Sitting down and waxing lyrical with artists and recording interviews, artist to artist, about creative practice is an insightful and rewarding process, what are some of the astonishing things that have happened [ and you have learnt, that you didn’t know] in making the podcast series so far?


That every artist I interview really requires and deserves ten episodes each in their own right. I’m not sure about ‘astonishing’ but each interview has been rewarding in different ways, both for me and the interviewee (which they’ve each expressed to me). I have respect for each of the people I’ve been able to interview, and the intention is only to make a small offering that might attract listeners to investigate someone they may not have been previously aware of. Also, I have a list of other artists and musicians I’d like to interview as the podcast progresses. It’s an open-ended project with no set number or duration.


One of the more intriguing interviews was with microtonal composer/musician duo and couple Kraig Grady and Terumi Narushima (episode 9). Their music is so idiosyncratic and rooted in a cultural history of microtonality tracing back to Kraig’s American schooling and his first nations heritage there, mixed with Terumi’s Japanese heritage and academic teaching of composition at Wollongong University. I’ve been fascinated by their work for years, have worked with them in different contexts and enjoy their sense of engagement and creative boundary riding – there’s a huge scene for their type of music in Europe and the US, but here they are working productively in Unanderra, near Wollongong.


This approach can also be a deeply reflective process what insights have you gleaned in making the series so far about your own making practices Gary?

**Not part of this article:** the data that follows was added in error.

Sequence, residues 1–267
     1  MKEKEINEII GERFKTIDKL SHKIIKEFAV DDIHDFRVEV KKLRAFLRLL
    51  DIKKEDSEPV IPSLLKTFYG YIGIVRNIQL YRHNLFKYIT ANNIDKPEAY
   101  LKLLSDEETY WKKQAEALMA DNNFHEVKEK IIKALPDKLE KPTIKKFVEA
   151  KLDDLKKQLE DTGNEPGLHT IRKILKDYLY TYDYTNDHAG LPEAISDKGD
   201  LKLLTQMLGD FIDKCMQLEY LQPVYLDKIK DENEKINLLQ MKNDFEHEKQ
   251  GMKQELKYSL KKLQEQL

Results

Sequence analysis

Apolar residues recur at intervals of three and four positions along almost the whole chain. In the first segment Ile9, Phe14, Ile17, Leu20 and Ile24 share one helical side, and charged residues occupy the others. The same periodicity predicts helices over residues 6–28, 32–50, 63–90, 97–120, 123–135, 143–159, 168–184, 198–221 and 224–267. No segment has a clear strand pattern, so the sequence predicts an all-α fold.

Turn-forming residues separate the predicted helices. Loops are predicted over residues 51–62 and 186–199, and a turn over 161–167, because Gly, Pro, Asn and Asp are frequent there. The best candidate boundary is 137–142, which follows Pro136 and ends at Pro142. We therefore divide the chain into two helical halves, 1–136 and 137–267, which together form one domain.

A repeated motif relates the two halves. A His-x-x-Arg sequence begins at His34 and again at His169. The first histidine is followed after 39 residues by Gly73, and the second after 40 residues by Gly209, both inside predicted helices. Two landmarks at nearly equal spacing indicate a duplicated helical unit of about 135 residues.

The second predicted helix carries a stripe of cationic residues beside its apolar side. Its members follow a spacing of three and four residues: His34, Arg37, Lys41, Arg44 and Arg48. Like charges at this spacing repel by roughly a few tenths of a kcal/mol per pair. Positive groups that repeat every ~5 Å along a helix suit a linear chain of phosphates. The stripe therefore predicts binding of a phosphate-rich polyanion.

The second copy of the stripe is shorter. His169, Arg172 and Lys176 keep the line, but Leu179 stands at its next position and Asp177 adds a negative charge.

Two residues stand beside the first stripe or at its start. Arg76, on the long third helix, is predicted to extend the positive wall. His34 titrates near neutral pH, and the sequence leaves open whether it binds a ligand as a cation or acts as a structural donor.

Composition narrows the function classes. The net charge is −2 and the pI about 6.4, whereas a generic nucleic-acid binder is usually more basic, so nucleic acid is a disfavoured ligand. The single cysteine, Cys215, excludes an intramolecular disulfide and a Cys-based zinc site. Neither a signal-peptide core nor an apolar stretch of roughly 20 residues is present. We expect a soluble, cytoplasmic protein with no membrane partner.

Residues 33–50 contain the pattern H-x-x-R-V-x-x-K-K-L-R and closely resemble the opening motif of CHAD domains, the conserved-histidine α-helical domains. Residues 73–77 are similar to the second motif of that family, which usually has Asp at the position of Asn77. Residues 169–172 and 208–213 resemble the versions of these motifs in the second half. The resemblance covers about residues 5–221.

As ever, I should do more.


Is there one work in particular you made and that featured in a museum setting that holds a personal significance for you, and if so why so?


Many of the works I’ve made for museums are significant to me, for different reasons. Quite often these projects take many months and up to a few years to be realised, so there’s significant investment of time, resources and engagement.


As you’re based in Queensland I’ll mention two projects of personal creative significance for me – Artspace Mackay, and the Museum of Brisbane. For each of these cultural projects I was commissioned to create a ‘multimedia’ installation that would be part of the opening and persist for a number of years after. Each of these projects shared a similar strategy – to create a space for ‘virtual conversation’ between different communities via video interviews and multi-speaker soundscapes.


In both instances, working with my small production team at my company CDP Media, and with local museum workers, about 20 local people were identified who wanted to be involved in the project. I researched each person, conducted the social history interviews, and asked everyone to think about evidentiary materials they could hold in their hands, to show to the audience. Often this was in the form of photography but there were also tools, ephemera, midden shells, textiles, jewelry and so on.